Robots set to lead UK manufacturing investment
14 October 2011
Barry Weller, from Mitsubishi Electric, comments on The Automating Manufacturing Programme which will be run in the UK by The British Automation and Robot Association.
Barry Weller, a specialist robot engineer with Mitsubishi Electric, recently commented on the recently announed UK scheme to provider Government funding for automation of industrial processes. "This needs to be carefully managed to ensure that a nationwide strategy of continuous reinvestment develops," he said. "This is essential if the UK is to rebuild its manufacturing sector into a cornerstone of the economy.
“The Automating Manufacturing Programme will be run for the Government by the British Automation and Robot Association (BARA). It offers funded, impartial advice to manufacturing companies on how best automated their processes,” he said. “This is a timely development because of the drive to rebalance the economy with more manufacturing. However, it must be carefully managed so that it builds a foundation of new installations as well as always considering it as an investment option.”
The take up of robots has accelerated in the UK in recent years, with annual growth rates typically above 50%. However, this is from a very low installed base: Germany and the other European manufacturing nations have about 10 times as many robots, while Japan probably has 100 times as many.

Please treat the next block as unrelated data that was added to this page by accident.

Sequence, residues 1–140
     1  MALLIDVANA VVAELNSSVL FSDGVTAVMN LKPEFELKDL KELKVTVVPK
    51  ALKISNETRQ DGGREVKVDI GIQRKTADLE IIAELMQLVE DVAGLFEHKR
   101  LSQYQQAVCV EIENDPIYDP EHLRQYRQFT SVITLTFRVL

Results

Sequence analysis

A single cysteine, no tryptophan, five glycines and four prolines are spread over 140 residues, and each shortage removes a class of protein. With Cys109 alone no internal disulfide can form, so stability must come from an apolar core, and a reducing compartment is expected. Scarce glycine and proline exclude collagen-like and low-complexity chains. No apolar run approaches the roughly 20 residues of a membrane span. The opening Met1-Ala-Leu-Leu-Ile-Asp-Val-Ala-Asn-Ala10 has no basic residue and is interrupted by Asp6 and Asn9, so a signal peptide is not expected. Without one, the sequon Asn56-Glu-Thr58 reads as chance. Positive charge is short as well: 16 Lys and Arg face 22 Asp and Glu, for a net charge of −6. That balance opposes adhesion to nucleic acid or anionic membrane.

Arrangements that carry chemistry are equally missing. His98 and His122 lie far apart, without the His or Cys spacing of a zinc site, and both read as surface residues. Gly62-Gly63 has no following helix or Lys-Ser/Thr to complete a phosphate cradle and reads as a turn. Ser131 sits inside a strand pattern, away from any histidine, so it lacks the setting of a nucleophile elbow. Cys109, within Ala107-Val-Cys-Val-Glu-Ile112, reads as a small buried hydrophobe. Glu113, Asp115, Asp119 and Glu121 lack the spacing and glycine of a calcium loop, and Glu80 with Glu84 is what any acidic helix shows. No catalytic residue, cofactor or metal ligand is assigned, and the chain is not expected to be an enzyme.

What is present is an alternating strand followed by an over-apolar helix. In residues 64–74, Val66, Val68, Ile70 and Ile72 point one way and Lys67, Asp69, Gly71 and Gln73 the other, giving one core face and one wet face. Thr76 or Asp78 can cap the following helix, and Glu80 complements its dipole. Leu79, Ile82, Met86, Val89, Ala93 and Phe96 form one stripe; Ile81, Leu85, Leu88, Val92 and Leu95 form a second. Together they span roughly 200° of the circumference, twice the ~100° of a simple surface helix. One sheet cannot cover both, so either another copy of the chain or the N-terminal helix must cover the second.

Research would suggest that British management wants to see a return on automation investments in two years, whereas in most other countries a five year window is accepted. “This may be one of the main stumbling blocks, so needs to be studied carefully. But British managers lead the world in the adoption of lean manufacturing techniques,” said Barry. “We seem to be very good at ‘doing more with less’, but find capital investment rather harder.
“Too few managers in manufacturing have an engineering, technology or production background, so a lack appreciation of what automation can achieve. Typically they are commercial trained so naturally are quite risk adverse. A separate issue is that there is a skills gap in the technician, engineer and engineering manager levels, brought about by a long-term lack of science and technology education. The new scheme addresses all these negative issues in one go!
“However the real measure of its success will be if it can drive a sea change in attitudes towards automation investments. The simple truth is that automation pays dividends - often only a small investment is needed and competitor nations are currently more willing to make them.”
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